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The evolution of

professional
nursing

History of Medicine
Medical practice can be
dated as far back as the
ancient Egyptians
Imphotep was the
physician to King Zozer
and lived in about 2600 BC

History of the non-medical professions


Nursing has existed in various
forms in every culture over
millennia, e.g. wet nurses
Americas first trained nurse
graduated in 1873
The most significant development
was during war time when
Florence Nightingale laid the
foundation stone for professional
nursing

History of other professions


Physiotherapy practice dates back
to BC times, for example in
ancient Greece and the practice of
hydrotherapy
In 1894 the UK recognised
physiotherapy as a specialised
branch of nursing
The polio epidemic was a turning
point for the physiotherapy
profession and its establishment
in its own right

So what does the history tell us?


The practice of healthcare and medicine has
been around for a long, long time in various
forms
The practice of healthcare and medicine has
been consistently valued and has evolved in
accordance with demographic requirements
The various professions have evolved in
accordance with demographic requirements

So what does the history tell us?

History of the NHS


The NHS was born on July 5
1948 officially started by Aneurin
Bevan
Good healthcare should be
available to all, regardless of
wealth
For the first time doctors, nurses,
pharmacists, etc. are brought
together under one umbrella
organisation

The Timeline

1948 the NHS commenced


1953 the structure of DNA was discovered
1960 the first kidney transplant
1967 the Salmon Report
1978 the first test tube baby
1980 keyhole surgery
1988 breast screening introduced
1990 internal market introduced
2007 robotic intervention

Nursing uniforms
c1890

Student nurse uniforms


c1960 from Youngstown
Hospital Assocation and
St. Elizabeth Hospital

Youngstown State University student


nurse uniform, 1967
Throughout the 1960s and
70s, many hospitals
discontinued their nursing
programs or partnered with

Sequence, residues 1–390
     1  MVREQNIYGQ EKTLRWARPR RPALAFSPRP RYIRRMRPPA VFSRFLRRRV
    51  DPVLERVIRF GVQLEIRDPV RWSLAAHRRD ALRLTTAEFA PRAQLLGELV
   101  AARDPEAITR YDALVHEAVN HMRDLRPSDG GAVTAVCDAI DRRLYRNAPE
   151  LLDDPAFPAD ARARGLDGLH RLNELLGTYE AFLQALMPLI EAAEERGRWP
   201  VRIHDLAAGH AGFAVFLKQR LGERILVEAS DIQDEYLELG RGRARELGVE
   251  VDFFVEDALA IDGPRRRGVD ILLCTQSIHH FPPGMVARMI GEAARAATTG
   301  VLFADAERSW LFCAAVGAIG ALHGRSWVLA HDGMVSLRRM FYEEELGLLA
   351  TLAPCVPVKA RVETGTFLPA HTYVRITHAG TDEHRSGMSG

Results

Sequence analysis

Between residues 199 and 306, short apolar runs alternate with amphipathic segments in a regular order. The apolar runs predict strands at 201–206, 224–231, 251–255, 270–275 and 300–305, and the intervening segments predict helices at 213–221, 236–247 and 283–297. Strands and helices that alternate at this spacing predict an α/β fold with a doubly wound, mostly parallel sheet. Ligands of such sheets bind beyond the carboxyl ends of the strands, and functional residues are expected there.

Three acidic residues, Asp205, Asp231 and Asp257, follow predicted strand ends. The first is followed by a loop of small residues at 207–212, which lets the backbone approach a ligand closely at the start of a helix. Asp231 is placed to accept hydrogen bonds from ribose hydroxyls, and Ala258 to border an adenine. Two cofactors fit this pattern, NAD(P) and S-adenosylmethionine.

local universities to provide
some of the academic
training. These new
programs with colleges
and universities opened up
the profession to a more
diverse population
including married women,
minorities, and men.

Healthcare professions of today

Doctors and dentists


Nursing and midwifery
Allied health professions
Healthcare scientist professions and the
smaller professions
Healthcare support workers
Management, ancillary and other staff

Fields of practice
More than 15 specialties of medical practice with
additional sub-specialties
4 main branches of nursing with enhanced
specialisation in practice multiple sub-specialties
Around 12 allied health professions with multiple
sub-specialisms
Over 30 healthcare scientist professions with a host
of sub-specialisms
Primary, secondary and tertiary care settings
Integrated services e.g. with social care

Changes in practice
At one time, nurses and
other professionals couldnt
take blood pressures this
was a medical procedure

We now have highly skilled


practitioners who undertake a range of
procedures and are also responsible
for diagnosis e.g. advanced
practitioners in cervical cytology

What does this say about current


healthcare practice?
Its complex!
Its reliant on a range of
practitioners in different
settings and sectors with
the appropriate skills
Technology advances
and will continue to
advance

Healthcare workforce a recent


history
The 1990s saw serious
workforce shortages
Health Select Committee
enquiry into workforce
planning in 1999
NHS Plan produced in
2000 a 10 year
strategy

NHS Plan Headlines


More staff, better paid